Take the challenge!

13 04 2015

New Jersey Conservation Foundation has launched an awesome new “Step Into Nature Challenge”, asking people to set a goal for themselves to get outside more in 2015. Hiking, biking, and species identification categories are available, plus a custom category to create your own goal! For more information and to register, visit http://njconservation.org/StepIntoNatureChallenge.htm


I am challenging myself to photograph 200 different species of native plants and animals in New Jersey this year! What’s your challenge going to be?

Brotherly Birding at Sandy Hook

31 05 2011

To my surprise, my 20-year old, younger brother agreed to go birding with me early on Memorial Day.  When I called him at 5am to see if he was still on board (and awake), I had my doubts that he would actually be accompanying me.  To my surprise, he answered the phone and was waiting outside his house a few minutes later.

We geared up at the north end of Sandy Hook, ready to head down the Fisherman’s Trail.  I strapped on my binoculars and shouldered my camera while he got comfortable with my wife’s new Nikon Monarchs.  The sun had appeared and I was confident it would cast away the dark clouds looming behind us.  After all, I had just checked the forecast a day ago and it called for a sunny, clear morning with 0% chance of rain.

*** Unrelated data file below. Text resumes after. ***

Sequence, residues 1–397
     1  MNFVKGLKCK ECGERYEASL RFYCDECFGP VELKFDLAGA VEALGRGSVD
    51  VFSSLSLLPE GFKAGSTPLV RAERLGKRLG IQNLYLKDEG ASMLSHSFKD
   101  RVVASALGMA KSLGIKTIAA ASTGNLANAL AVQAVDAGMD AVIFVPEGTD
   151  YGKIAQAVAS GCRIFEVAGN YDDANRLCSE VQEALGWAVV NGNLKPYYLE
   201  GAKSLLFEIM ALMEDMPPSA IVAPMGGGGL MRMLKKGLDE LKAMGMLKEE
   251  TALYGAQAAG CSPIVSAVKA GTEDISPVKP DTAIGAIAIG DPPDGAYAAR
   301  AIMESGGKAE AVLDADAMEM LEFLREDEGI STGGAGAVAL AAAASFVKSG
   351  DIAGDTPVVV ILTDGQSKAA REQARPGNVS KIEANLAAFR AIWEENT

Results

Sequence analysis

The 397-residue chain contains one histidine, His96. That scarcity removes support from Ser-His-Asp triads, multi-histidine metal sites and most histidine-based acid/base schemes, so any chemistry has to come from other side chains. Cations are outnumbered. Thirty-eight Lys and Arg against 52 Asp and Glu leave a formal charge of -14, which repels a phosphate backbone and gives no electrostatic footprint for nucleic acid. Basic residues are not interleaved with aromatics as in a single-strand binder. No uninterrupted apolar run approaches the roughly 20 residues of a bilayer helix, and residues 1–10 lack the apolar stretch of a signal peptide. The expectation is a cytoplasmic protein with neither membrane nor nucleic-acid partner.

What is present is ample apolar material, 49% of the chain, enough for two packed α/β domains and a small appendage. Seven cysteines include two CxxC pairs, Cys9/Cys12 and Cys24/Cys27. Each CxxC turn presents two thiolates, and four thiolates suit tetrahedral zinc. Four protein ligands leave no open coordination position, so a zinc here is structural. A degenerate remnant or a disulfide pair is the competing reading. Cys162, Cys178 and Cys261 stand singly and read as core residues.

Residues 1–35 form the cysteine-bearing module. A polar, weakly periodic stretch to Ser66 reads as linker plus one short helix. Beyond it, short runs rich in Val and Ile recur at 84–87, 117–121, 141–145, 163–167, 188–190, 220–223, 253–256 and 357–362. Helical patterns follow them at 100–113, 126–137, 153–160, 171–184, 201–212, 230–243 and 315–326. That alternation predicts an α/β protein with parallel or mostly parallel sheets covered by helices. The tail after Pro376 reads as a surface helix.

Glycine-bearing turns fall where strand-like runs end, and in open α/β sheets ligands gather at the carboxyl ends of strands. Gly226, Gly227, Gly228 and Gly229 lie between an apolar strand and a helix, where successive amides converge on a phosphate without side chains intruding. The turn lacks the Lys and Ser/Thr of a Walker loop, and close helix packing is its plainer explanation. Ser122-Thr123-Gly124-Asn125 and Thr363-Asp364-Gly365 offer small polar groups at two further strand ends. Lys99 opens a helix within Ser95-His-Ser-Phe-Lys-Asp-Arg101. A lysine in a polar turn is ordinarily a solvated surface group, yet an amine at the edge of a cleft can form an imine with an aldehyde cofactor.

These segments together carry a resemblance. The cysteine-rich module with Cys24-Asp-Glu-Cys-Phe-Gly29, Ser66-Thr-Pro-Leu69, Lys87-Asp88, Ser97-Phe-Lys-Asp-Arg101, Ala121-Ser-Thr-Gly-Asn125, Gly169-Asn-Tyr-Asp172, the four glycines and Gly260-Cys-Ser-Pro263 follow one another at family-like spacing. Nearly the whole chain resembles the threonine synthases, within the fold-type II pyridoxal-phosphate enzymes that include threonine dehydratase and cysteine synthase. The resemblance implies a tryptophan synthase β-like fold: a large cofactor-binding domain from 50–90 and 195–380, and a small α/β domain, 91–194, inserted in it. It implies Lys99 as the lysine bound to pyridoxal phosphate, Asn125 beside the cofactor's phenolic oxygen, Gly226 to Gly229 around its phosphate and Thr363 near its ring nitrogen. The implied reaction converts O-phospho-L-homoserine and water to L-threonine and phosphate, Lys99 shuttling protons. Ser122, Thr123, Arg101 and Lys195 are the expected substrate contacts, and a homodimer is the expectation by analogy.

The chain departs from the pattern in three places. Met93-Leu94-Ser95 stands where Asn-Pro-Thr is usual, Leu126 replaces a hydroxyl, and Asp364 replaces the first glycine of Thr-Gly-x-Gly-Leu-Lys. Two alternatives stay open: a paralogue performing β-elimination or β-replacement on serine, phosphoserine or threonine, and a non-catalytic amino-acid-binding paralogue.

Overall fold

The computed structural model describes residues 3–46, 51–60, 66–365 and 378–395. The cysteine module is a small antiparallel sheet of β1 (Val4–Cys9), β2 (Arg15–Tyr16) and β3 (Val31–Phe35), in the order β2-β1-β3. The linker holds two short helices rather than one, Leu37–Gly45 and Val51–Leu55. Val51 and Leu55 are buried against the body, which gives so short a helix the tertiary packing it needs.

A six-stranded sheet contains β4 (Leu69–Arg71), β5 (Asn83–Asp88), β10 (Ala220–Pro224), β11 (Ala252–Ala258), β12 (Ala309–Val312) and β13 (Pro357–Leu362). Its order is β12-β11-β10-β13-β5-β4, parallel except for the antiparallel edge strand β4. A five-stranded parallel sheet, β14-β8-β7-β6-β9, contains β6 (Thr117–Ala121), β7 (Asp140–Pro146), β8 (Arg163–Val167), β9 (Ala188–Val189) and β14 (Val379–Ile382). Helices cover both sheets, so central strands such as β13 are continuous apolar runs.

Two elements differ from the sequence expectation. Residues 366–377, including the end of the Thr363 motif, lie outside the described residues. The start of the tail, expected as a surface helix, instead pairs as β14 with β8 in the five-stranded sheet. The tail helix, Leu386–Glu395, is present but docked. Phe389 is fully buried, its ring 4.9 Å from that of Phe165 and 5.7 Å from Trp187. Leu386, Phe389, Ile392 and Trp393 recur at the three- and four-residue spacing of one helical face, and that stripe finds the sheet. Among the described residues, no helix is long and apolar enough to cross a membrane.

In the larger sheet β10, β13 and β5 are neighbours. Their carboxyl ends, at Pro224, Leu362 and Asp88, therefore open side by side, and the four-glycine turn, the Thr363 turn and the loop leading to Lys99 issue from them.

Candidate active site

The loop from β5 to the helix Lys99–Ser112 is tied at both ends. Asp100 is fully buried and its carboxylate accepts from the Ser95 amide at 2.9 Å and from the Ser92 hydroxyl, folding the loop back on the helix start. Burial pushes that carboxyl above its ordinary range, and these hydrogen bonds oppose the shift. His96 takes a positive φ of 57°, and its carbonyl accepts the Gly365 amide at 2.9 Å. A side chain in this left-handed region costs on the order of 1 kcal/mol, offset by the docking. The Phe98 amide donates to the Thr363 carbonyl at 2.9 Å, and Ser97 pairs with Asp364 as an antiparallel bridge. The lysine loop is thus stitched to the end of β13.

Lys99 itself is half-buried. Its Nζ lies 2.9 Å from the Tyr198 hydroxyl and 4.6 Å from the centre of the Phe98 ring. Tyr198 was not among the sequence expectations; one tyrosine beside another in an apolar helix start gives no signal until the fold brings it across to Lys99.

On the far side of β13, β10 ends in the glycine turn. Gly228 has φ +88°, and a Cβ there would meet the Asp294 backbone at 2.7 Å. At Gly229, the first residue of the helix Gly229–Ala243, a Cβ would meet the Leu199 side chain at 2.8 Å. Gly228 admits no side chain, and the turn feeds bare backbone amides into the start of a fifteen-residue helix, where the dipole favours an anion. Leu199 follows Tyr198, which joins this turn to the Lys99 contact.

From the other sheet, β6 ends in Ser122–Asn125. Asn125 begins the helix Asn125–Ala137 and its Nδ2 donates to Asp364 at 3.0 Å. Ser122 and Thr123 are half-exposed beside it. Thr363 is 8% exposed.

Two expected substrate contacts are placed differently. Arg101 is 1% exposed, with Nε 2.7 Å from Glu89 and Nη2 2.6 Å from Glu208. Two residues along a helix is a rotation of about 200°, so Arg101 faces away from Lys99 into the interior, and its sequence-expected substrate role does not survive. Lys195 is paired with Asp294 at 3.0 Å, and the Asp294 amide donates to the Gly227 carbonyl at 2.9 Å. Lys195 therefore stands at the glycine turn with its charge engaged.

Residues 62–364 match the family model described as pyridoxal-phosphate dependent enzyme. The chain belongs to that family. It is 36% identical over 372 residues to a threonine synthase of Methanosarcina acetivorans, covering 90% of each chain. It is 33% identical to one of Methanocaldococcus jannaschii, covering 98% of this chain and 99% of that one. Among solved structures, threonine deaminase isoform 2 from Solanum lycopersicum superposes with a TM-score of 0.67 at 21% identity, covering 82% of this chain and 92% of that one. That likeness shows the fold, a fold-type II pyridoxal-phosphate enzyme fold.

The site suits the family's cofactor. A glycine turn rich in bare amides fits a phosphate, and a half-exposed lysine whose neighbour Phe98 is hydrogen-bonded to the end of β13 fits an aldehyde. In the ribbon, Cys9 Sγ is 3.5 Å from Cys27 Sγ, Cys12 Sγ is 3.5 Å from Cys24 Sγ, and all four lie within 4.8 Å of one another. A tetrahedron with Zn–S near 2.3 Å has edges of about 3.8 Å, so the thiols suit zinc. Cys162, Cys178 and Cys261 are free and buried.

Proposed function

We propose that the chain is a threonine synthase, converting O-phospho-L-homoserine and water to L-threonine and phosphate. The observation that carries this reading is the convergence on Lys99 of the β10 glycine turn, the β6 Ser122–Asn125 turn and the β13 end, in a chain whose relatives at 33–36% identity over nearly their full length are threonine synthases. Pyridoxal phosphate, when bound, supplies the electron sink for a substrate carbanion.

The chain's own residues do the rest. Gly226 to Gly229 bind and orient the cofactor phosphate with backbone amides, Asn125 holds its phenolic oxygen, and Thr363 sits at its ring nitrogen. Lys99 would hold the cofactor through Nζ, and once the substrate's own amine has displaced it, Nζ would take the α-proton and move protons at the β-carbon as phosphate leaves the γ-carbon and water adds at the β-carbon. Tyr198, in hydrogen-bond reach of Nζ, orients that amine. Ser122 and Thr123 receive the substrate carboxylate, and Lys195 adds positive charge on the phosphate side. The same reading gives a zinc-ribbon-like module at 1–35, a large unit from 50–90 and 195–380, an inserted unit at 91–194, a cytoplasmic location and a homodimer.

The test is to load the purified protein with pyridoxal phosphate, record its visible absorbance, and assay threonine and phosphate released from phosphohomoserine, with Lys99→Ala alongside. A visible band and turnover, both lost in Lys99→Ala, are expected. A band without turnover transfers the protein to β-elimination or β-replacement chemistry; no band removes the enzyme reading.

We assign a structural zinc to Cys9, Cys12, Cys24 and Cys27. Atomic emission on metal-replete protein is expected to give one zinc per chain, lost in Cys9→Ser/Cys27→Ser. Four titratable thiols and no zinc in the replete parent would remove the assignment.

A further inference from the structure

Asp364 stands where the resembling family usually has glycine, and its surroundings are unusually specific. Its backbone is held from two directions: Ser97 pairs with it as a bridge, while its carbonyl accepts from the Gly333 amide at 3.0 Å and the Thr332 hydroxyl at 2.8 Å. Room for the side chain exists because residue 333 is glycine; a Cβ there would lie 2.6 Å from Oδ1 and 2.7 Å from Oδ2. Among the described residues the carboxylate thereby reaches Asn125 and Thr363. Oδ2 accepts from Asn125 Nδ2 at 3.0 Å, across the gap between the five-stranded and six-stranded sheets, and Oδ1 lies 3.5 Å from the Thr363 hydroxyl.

It rained.  We had walked all the way out to the beach and were scanning for the King Eider when we noticed the sun had vanished behind the darkening sky.  I decided we better start moving, but as we did, the first few drops began to descend.  Thirty seconds later, we were trudging through the dunes as the torrential downpour pelted us with seemingly horizontal streams of rain.  If it weren’t for my increasingly soaked camera equipment (my baseball cap didn’t work very well as an umbrella), it was actually somewhat fun.  When’s the last time you were caught up in an intense thunderstorm?  Not much we could do but walk back and try to enjoy the miserable situation.

We drove south a bit and parked in the next lot.  It was still raining, but I wasn’t going to let that stop me from continuing my search for the King Eider.  We wrapped up our binoculars in a jacket and a plastic bag, respectively, and headed back out into the elements.  As we reached the water, the rain finally started to let up.  Two scoters cruised by, and a Great Black-Backed Gull flew in with a crab danging from its mouth.

Walking up the beach, we made some interesting finds.  A dead shark had washed ashore, and just a few feet further we discovered a dead Common Loon among the wrack.  Yes, there were living birds too.  My brother seemed impressed that we were able to see so many endangered species – Piping Plovers, Least Terns, Red Knots, and Black Skimmers all made appearances.  A trio of Black Skimmers even flew back and forth right in front of us, giving great views of their sleek wings and fascinating mandibles.